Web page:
Being the realistic and fair-minded character he undoubtedly is, United manager Brian McDermott would doubtless acknowledge the task he faces in matching the achievements of his last-but-one predecessor at Elland Road, Simon Grayson.
Grayson moved into the United hot-seat just before Christmas of 2008 after an acrimonious parting of ways with his former employers Blackpool – coincidentally United’s next opponents on Boxing Day. His record at Bloomfield Road had been one of success, attaining promotion to the second tier for a famous old club which had been in the doldrums for far too long. If that sounds familiar, it’s because the description could just as easily have been of Leeds United, and Grayson was destined to repeat his promotion feat at Elland Road, dragging comatose giants Leeds out of their humiliating third division berth in his first full season – despite having to work under the strictures imposed by a certain Master Bates.
There are some who seek now to belittle the scale of Grayson’s achievements, preferring to point at the lows of life in the Championship where Leeds had started so brightly. But they haemorrhaged talent, failed to strengthen and fell rapidly by the wayside over the next couple of seasons, amid a welter of huge defeats. That looks bad on any manager’s CV – but account has to be taken of the way in which Simon Grayson’s hands were tied in terms of his ability to improve the squad. His career after Leeds has encompassed a third promotion from the third level of English football as he took Huddersfield up at the first time of asking. Currently, he looks to be on course for a fourth such success, his current charges Preston North End lodged comfortably in the play-off zone despite a heavy loss to rivals Brentford at the weekend.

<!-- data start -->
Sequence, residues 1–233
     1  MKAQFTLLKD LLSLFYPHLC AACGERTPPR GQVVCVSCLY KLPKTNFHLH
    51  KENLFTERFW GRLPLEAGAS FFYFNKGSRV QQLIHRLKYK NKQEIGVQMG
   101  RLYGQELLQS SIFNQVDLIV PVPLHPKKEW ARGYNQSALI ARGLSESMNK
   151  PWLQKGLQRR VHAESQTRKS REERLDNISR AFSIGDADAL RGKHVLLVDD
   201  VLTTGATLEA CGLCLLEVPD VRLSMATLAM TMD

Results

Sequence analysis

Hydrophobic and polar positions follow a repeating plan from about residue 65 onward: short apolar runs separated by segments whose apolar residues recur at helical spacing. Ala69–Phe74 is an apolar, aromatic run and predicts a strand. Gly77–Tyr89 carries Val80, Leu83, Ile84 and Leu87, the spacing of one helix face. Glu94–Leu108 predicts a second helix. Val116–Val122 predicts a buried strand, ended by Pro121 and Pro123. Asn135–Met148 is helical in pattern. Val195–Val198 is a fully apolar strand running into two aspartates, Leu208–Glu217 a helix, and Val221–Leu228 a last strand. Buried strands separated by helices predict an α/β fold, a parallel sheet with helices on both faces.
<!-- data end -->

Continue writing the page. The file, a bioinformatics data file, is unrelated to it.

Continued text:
But it is for his success in reviving a moribund Leeds United, despite the Bates factor, for which Simon Grayson remains best-known. To turn around a situation of seemingly terminal decline – after a succession of managers had failed to impose a big-club resilience on a lowly league – is the jewel in the crown of Grayson’s coaching career, especially as his promotion success was gilded with the fantasy-football type achievement of dismissing the champions from the FA Cup, at their own ground, in the third round. For this alone, he would merit a prominent place in Leeds United’s turbulent but occasionally glorious history.
Simon Grayson lifted Leeds out of League One, elevating us to the Championship, in only his first full season. It’s the only promotion he’s achieved outside of play-off football (note to Messrs Haigh and McDermott: Leeds United just don’t do play-offs) – and it’s clearly something still very close to his heart. To win promotion with your boyhood favourites as well as slaying that club’s most despised dragon in its own lair – that’s the stuff of Boys’ Own fiction, made reality by a man as modest and dedicated as any we’ve been lucky enough to have associated with Leeds United AFC.
If Brian McDermott is to emulate Grayson’s first-full-season achievement, then it would have to be this season. That. perhaps, would be unrealistic – given the fact that Brian has had his own problems of ownership and finances to deal with since moving in at United last April. Clearly, whenever McDermott manages to guide Leeds back into the top flight, he will be hailed a hero and rightly so. Until that happens, Simon Grayson remains, for me anyway, the third-greatest Boss at Elland Road behind the unassailable Don and his nearest rival Sergeant Wilko. Some will disagree with that assessment – but really, the job of hoisting Leeds back from their lowest ebb was so massively important to us all that the person who managed it deserves appropriate recognition.
As Brian McDermott heads towards his first anniversary as Leeds boss in April, he might reflect that by then he’ll have a very good idea of what is possible in this current campaign. A lot will depend on the currently-mooted takeover being approved by the Football League in time for Leeds to strengthen ahead of the run-in. If they do that, and if the admirable “McDermott effect” continues to guide the club’s progress, then maybe – just maybe – he pull off a promotion that would see him elevated into the company of United’s greatest managers: Revie, Wilkinson – and Simon Grayson.